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RE: Maximum Frame Size

From: Thomas Maslen <Thomas.Maslen@quest.com>
Date: Mon, 11 Mar 2013 19:23:33 +0000
To: Martin Thomson <martin.thomson@gmail.com>
CC: HTTP Working Group <ietf-http-wg@w3.org>
Message-ID: <D5847DD823005F4E9DB94FE77DCEDF68121EB083@ALVMBXW02.prod.quest.corp>
On 11 March 2013 11:19 AM, "Martin Thomson" <martin.thomson@gmail.com> wrote:
> Regarding headers spanning frames: It's not in the spec, but it has been discussed.  I expect this to be added.
>
> It's actually cookies that were the reason cited for having headers that exceed 64k, not authentication headers.  Though I note that support of this much header data is an implementation choice, not a requirement of the spec, so it would be inadvisable to rely on having that much space available [...]

Thanks.  I agree (and perhaps HTTP/2.0 should _not_ add support for headers spanning frames, in order to force the issue -- although then 2.0 would have a hard protocol limit where 1.1 only had implementation limits).

> [...] SAML in the headers is probably not a good idea.

Yup.  Ditto for any other auth scheme that may have large enough tokens to be problematic.  I think this means that auth schemes with potentially large tokens should not rely too much on the "Authorization:" header and should instead somehow make use of the request body.  (If, of course, there isn't a way to put the tokens on a forced diet that's guaranteed to get all tokens down to a size that's guaranteed not to be problematic).


________________________________
From: Martin Thomson [martin.thomson@gmail.com]
Sent: Monday, March 11, 2013 11:16
To: Thomas Maslen
Cc: Patrick McManus; HTTP Working Group
Subject: Re: Maximum Frame Size

Regarding headers spanning frames: It's not in the spec, but it has been discussed.  I expect this to be added.

It's actually cookies that were the reason cited for having headers that exceed 64k, not authentication headers.  Though I note that support of this much header data is an implementation choice, not a requirement of the spec, so it would be inadvisable to rely on having that much space available.  (As much - or more so - for HTTP/2.0 as it would be for HTTP/1.1 today.)  SAML in the headers is probably not a good idea.


On 11 March 2013 13:57, Thomas Maslen <Thomas.Maslen@quest.com<mailto:Thomas.Maslen@quest.com>> wrote:
If I'm correctly understanding draft-ietf-httpbis-http2-latest:

    An HTTP request may (of course) use any number of DATA frames to send its body (if any)

    But all of the headers for the HTTP request must fit in a single HEADERS+PRIORITY frame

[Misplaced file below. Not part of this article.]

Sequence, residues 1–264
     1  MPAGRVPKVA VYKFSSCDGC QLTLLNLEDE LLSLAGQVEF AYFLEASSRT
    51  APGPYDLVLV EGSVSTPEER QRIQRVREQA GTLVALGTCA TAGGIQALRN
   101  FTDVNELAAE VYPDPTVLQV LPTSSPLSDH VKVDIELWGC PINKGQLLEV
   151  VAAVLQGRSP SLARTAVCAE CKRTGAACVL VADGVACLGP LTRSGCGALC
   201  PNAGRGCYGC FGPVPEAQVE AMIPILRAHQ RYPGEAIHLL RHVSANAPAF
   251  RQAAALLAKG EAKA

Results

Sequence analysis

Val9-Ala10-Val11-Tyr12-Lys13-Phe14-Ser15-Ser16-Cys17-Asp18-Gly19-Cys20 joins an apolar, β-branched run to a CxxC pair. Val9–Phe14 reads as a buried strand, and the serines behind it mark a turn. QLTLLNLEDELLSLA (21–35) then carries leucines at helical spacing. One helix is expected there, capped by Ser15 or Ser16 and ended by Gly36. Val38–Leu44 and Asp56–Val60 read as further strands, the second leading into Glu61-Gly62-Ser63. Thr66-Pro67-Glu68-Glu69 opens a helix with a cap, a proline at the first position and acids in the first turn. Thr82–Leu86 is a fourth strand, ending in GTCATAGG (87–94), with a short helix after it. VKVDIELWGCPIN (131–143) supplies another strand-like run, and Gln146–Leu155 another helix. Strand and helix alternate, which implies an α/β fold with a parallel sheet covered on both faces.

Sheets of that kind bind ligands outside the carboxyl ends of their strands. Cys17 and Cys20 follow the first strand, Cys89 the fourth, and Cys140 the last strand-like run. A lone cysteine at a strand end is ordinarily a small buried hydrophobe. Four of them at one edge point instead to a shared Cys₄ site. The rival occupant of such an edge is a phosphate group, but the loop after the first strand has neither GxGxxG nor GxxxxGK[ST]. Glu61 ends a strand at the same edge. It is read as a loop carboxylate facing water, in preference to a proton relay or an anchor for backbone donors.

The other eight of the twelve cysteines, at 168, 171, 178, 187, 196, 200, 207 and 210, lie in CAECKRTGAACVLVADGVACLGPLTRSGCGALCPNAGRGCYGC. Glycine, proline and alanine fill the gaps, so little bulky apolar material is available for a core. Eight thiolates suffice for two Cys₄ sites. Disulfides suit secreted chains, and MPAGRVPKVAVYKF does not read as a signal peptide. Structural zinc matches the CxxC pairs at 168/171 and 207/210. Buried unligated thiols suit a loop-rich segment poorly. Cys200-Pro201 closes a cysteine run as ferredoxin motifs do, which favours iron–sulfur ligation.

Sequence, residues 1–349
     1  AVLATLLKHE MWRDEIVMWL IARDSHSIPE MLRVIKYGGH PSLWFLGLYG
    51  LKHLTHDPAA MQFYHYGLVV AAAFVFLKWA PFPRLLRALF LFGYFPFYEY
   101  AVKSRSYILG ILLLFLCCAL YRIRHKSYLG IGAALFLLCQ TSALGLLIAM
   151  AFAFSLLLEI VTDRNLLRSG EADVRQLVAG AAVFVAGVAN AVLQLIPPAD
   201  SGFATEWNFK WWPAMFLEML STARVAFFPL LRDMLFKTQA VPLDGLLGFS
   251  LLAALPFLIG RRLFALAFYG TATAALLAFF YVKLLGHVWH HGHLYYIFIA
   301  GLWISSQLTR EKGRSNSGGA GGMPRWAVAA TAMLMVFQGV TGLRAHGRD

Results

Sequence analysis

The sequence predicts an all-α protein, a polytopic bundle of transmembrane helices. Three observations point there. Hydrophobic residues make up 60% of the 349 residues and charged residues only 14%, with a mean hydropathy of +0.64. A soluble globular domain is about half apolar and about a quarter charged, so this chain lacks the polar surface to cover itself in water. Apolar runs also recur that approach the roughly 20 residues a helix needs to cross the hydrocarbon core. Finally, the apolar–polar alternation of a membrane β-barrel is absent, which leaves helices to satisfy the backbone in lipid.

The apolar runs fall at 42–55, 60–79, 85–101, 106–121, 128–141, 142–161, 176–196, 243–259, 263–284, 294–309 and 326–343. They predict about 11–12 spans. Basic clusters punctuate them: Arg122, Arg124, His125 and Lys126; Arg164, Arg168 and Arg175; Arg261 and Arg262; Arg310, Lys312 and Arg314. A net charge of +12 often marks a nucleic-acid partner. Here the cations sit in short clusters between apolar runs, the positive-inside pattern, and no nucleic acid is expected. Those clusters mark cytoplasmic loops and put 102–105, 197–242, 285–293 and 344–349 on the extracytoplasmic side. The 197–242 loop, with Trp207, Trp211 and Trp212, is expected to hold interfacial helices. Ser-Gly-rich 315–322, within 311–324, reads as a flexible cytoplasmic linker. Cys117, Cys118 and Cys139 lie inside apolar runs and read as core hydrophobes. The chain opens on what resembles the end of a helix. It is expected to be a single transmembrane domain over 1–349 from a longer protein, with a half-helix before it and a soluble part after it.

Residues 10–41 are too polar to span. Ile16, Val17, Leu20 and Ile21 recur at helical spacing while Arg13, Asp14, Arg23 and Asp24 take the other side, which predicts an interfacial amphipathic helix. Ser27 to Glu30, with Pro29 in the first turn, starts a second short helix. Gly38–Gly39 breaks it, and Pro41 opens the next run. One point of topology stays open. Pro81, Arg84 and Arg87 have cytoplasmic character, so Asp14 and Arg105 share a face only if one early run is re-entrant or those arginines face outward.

The frame length is a 16-bit field, so the protocol puts a hard limit of 65535 bytes on the size of any frame (including HEADERS+PRIORITY)

    And, per the "Maximum Frame Size" discussion, implementation limits might be lower, e.g. 32768 or 8192

    And of course ditto all this for the HEADERS frame and HTTP responses

(If I have misunderstood, holler).

I'm not suggesting that the spec should change to let headers straddle multiple frames, and I agree that any HTTP request or response that believes it might need anything like 64K of headers should be looked at askance, but...

I'm wondering whether httpauth will need to take this into account.  (I'm asking here first, rather than on httpauth, to sanity-check my assumptions).

For simple HTTP auth schemes such as Basic and Digest this is a non-issue, because they generate small headers.  But if e.g. you were trying to design an official HTTP auth scheme that used SAML (no, I'm not), then a design that followed the current auth-scheme pattern and tried to put an entire SAML token in an HTTP "Authorization:" header might be problematic.  (On HTTP/1.* it might hit _implementation_ limits, but on the draft HTTP/2.0 it might hit a hard limit in the protocol).  So perhaps httpauth schemes with potentially large tokens should eschew the "WWW-Authenticate" / "Authorization" header pattern and instead make use of the message body.  (That, of course, is what current SAML profiles for HTTP generally resort to doing anyway, but, like forms-based authentication, they end up operating completely outside the official HTTP auth-scheme model).

I know there is at least one httpauth proposal that already moves some tokens out of HTTP headers into a request body, but I'm thinking that if HTTP/2.0 caps the combined size of all headers at 64K (or potentially lower) then httpauth might need to make that a more general principle.

I haven't put any thought into whether authentication is the only case where HTTP header size could be an issue or whether there are other cases where the combined size of HTTP headers could legitimately be large enough to run into HTTP/2.0 limits.  ("Legitimately" rules out silly Accept or User-Agent headers, which I agree should die).
Received on Monday, 11 March 2013 19:24:04 GMT

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